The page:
Slide Presentations: Tuesday, November 2, 2010 |

Survival With Pulmonary Fibrosis Related to Age, Race, and Gender FREE TO VIEW

Alicia K. Gerke, MD; Gary W. Hunninghake, MD
Author and Funding Information

University of Iowa, Iowa City, IA

Chest. 2010;138(4_MeetingAbstracts):795A. doi:10.1378/chest.10749
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Published online


PURPOSE: Pulmonary fibrosis encompasses a group of diffuse parenchymal lung diseases with multiple causes and variable prognosis. The median survival for the idiopathic type is grim: 3-5 years. Due to the rarity of the disease, survival across age, race, and gender is not well-described. This study uses a large database to analyze survival in pulmonary fibrosis according to these variables.

METHODS: ICD-9 codes were used to identify cases of pulmonary fibrosis in the Veterans Affairs National Patient Care claims database between 2001 and 2007. Cases were included if they had one or more primary care visits in the year prior to diagnosis, and excluded if they had concurrent diagnosis of asbestosis or rheumatic disease. Survival analysis was performed with Kaplan-Meier curves for race, gender, and age categories. Log-rank tests were utilized to compare survival between groups.

RESULTS: 14,448 cases of pulmonary fibrosis were identified. Median survival was described according to the following age categories: a. Ages 50 and younger (n=687): median survival was greater than 8.0 years, b. Ages 51-60 (n=2353): median survival 7.5 years (95% confidence interval (CI) 7.0-8.1), d. Ages 61-70 (n=3276): median survival 4.6 years (CI 4.4-4.8), e. Ages 71-80 (n=5682): median survival 3.2 years (CI 3.1-3.4), and f. Greater than 80 years (n=2450): median survival 2.6 years (CI 2.5-2.8). Females had increased overall survival as compared to men (6.2 years (CI 5.2-9.0) vs. 3.9 years (CI 3.8-4.0), p<0.0001) and this effect was more pronounced with increasing age. Although African-Americans appeared to have better overall survival (p=0.004), this was related to a younger age of diagnosis. There was no difference in survival between race categories when stratified by age.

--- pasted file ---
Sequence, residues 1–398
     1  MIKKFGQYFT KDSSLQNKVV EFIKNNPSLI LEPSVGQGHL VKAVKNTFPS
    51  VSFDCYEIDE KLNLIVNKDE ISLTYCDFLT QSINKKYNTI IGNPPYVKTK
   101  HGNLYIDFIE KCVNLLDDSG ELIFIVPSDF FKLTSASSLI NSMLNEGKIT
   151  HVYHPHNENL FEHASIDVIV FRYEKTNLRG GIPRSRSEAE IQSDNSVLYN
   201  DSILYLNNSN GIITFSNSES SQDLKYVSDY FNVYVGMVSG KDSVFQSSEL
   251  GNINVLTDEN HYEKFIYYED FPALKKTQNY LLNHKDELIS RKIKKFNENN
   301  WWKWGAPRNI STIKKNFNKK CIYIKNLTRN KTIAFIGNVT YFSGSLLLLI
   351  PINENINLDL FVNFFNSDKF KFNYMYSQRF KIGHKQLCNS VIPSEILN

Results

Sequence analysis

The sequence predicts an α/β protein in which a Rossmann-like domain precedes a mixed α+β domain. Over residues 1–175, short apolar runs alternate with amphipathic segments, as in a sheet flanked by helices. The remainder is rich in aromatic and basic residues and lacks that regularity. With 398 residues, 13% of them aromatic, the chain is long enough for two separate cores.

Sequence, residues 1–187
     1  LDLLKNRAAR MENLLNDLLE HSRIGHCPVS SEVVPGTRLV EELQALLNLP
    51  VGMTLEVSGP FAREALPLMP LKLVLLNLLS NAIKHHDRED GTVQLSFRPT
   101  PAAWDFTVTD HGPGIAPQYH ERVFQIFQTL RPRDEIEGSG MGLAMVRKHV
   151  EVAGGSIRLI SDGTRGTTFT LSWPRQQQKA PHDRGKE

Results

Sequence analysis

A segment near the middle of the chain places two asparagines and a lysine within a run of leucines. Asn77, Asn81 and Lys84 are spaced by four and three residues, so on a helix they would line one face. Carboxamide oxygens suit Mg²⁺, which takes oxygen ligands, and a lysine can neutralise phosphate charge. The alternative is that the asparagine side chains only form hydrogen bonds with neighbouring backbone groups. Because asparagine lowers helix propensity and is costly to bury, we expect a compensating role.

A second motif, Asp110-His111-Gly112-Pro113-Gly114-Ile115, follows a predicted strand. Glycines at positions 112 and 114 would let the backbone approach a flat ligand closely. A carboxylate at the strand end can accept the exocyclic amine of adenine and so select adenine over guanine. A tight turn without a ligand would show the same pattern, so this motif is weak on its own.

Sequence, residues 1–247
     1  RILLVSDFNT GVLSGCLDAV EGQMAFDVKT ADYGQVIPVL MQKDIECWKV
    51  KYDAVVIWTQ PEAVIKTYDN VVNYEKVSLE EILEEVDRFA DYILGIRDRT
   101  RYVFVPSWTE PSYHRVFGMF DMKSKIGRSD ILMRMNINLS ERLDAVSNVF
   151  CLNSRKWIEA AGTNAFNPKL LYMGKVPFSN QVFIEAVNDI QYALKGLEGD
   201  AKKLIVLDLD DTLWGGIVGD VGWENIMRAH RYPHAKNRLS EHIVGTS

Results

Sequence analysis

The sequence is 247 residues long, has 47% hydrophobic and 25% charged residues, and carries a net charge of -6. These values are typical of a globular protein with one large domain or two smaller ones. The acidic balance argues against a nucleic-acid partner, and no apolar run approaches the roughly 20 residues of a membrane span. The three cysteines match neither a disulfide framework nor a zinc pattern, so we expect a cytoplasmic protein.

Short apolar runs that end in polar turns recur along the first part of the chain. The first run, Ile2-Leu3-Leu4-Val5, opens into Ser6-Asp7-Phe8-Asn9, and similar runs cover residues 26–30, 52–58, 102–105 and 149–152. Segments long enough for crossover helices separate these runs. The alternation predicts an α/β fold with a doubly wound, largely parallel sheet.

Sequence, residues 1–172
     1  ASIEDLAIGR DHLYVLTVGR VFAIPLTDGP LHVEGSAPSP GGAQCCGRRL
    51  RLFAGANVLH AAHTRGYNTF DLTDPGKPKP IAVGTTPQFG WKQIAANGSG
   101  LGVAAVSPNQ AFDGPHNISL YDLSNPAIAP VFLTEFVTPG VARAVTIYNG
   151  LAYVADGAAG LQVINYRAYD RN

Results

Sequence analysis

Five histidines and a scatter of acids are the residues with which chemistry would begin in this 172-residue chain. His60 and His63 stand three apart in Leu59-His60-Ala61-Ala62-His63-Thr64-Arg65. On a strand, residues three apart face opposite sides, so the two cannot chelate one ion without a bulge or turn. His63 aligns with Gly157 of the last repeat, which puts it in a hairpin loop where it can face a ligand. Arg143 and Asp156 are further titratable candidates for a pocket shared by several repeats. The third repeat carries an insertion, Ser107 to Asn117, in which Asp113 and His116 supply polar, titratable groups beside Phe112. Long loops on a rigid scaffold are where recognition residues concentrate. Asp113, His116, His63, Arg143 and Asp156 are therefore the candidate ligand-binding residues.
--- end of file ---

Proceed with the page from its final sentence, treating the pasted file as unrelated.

CONCLUSION: Survival with pulmonary fibrosis is affected by age and gender in the Veterans population. Younger patients and females have increased survival compared to older and male patients. Race does not affect survival when taking age into account.

CLINICAL IMPLICATIONS: Survival related to demographics should be considered when counseling patients with pulmonary fibrosis about prognosis.

DISCLOSURE: Alicia Gerke, No Financial Disclosure Information; No Product/Research Disclosure Information

08:00 AM - 09:15 AM




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